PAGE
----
Did China actually hijack internet traffic, or are ‘fat fingers’ to blame?

TAGs: China, China Telecom, hijack, Internet, McAfee

china-hijack-internet-fat-fingersYou probably noticed some recent attention-grabbing headlines about how China reportedly hijacked some 15% of all internet traffic for about 18 minutes this April. The supposed ‘massive redirection of data’ was said to include sensitive US intelligence and defense communications, which sparked near hysteria among the chattering classes and western Sino-phobes.

Top security experts at McAfee, the world’s largest internet security outfit, raised the alarm by speculating on precisely who had authorized China Telecom Corp. to carry out such a diversion, what exactly the data had been subjected to during its 18-minute detour, and whether the info had been copied in China for future examination. Dmitri Alperovitch, McAfee’s VP of threat research, described the possibilities as “numerous and troubling.”

Regardless of the perpetrator’s motives, everyone seemed to be gobsmacked by the audacity of the ‘heist’. Alperovitch said he was awestruck by “the capability and capacity that is built into [Chinese] networks” that allowed them to ‘borrow’ the data then funnel it back onto the internet’s highways without end users even being aware there’d been any disruption in service. “I’m not sure there was anyone else in the world who could have taken on that much traffic without breaking a sweat.”

Chinese authorities were quick to deny any allegations of cyber-shenanigans, much as they did when Google claimed its Chinese search engine was under attack by an allegedly state-sponsored cyber attack. Of course, to suspicious minds, the very issuance of a denial is proof of China’s guilt.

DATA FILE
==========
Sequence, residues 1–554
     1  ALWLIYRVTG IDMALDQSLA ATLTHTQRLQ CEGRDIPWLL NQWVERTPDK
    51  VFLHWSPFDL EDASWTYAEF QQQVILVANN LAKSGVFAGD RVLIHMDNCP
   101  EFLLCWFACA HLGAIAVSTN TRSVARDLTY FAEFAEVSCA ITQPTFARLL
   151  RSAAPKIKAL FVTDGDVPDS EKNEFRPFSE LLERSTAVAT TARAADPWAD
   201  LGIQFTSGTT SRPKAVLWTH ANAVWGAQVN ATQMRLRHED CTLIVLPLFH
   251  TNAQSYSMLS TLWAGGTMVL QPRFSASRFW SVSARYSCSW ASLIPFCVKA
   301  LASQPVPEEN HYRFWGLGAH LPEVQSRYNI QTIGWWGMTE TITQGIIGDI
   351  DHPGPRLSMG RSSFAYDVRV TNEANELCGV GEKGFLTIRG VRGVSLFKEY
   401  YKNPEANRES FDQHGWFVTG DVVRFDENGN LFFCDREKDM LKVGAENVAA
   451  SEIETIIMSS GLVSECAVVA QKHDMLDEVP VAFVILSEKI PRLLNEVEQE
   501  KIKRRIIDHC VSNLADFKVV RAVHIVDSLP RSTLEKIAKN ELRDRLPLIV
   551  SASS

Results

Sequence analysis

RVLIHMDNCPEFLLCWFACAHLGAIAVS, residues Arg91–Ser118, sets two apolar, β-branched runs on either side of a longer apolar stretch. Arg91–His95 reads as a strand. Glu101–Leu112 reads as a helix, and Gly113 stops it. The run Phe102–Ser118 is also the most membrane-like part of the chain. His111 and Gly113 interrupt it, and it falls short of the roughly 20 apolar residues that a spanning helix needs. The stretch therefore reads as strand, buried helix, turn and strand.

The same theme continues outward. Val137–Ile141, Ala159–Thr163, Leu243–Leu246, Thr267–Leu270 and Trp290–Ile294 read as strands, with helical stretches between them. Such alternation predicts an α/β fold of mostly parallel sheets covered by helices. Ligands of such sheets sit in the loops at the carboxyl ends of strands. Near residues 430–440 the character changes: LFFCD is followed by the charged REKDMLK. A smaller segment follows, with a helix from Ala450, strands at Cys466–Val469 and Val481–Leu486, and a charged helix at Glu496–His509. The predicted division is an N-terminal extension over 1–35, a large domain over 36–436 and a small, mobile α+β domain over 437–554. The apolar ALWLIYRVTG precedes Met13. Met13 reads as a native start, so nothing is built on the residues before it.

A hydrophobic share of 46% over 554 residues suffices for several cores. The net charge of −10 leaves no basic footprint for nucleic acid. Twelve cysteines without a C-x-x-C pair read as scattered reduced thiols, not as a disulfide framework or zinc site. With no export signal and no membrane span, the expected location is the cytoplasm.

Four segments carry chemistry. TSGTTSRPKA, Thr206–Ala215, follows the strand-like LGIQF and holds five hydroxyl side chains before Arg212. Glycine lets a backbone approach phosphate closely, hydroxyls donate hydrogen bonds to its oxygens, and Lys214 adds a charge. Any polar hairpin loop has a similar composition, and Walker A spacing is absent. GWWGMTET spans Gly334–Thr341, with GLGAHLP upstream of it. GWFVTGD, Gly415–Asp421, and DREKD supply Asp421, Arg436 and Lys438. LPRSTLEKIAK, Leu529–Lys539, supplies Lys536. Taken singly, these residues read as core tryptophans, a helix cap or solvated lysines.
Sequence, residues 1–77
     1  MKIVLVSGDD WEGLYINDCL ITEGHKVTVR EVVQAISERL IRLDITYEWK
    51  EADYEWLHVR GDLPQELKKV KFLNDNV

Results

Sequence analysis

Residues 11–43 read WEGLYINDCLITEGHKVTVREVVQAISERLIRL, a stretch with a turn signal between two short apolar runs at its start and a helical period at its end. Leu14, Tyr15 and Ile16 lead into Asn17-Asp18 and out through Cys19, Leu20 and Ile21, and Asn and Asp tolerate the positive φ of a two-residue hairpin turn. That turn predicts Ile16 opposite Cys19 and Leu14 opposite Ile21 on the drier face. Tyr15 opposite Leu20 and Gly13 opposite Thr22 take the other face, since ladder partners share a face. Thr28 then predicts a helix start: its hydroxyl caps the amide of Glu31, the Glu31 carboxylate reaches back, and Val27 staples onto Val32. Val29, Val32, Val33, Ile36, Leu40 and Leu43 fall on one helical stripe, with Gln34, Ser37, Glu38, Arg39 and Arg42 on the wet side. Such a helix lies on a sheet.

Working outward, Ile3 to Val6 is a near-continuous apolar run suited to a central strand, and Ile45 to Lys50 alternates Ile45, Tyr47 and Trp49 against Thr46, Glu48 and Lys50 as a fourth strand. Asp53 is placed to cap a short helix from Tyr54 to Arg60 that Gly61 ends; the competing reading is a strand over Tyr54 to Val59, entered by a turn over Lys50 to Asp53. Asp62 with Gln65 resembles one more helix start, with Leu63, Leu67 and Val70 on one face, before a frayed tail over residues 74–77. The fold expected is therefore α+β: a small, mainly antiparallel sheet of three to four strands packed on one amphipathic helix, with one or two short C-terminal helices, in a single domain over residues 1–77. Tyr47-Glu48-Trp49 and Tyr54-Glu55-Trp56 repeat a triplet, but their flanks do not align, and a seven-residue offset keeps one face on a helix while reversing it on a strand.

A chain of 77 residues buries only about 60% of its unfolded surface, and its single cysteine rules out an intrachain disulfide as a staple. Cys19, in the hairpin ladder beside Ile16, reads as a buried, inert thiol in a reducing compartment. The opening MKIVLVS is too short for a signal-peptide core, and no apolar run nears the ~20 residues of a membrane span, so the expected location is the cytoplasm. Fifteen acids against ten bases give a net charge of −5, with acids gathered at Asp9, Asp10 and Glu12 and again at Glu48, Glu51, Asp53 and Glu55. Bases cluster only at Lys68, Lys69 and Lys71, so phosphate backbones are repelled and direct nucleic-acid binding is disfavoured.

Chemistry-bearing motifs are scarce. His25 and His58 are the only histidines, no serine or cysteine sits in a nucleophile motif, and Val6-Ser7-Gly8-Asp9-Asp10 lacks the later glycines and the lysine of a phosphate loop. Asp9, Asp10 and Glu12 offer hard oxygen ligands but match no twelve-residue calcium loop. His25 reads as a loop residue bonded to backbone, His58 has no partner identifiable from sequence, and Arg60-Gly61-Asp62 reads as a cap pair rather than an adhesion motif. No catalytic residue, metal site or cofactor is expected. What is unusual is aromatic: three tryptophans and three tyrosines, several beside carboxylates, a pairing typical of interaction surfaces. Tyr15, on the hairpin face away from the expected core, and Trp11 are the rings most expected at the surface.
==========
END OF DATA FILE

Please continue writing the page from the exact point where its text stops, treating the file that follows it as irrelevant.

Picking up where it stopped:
However, since the initial story broke, cooler heads are suggesting that the whole issue may have been caused by a China Telecom engineer with ‘fat fingers’. Online security firm Arbor Networks’ chief scientist Craig Labovitz has crunched the numbers and finds that not only does the ‘hijack’ appear unintentional, the scale of the incident has been vastly overblown. Others, still unconvinced by China’s “it wasn’t me” defense, suggest the incident could have been a diversionary tactic to obscure cyber malfeasance of a more precise, surgical nature.

Regardless, all the techies who have been following this story agree on one central issue – security on the internet is porous and dependent on the good will of its various gatekeepers and toll-booth operators. Reassuring, ain’t it?


views and opinions expressed are those of the author and do not necessarily reflect those of